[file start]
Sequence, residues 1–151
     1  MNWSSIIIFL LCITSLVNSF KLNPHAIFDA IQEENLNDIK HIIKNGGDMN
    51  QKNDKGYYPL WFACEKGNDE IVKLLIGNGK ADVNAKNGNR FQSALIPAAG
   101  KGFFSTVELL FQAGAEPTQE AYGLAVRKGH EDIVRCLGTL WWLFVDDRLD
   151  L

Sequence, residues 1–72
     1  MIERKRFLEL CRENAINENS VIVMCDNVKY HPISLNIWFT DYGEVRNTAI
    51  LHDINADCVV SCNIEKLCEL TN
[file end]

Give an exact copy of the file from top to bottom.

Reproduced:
Sequence, residues 1–151
     1  MNWSSIIIFL LCITSLVNSF KLNPHAIFDA IQEENLNDIK HIIKNGGDMN
    51  QKNDKGYYPL WFACEKGNDE IVKLLIGNGK ADVNAKNGNR FQSALIPAAG
   101  KGFFSTVELL FQAGAEPTQE AYGLAVRKGH EDIVRCLGTL WWLFVDDRLD
   151  L

Sequence, residues 1–72
     1  MIERKRFLEL CRENAINENS VIVMCDNVKY HPISLNIWFT DYGEVRNTAI
    51  LHDINADCVV SCNIEKLCEL TN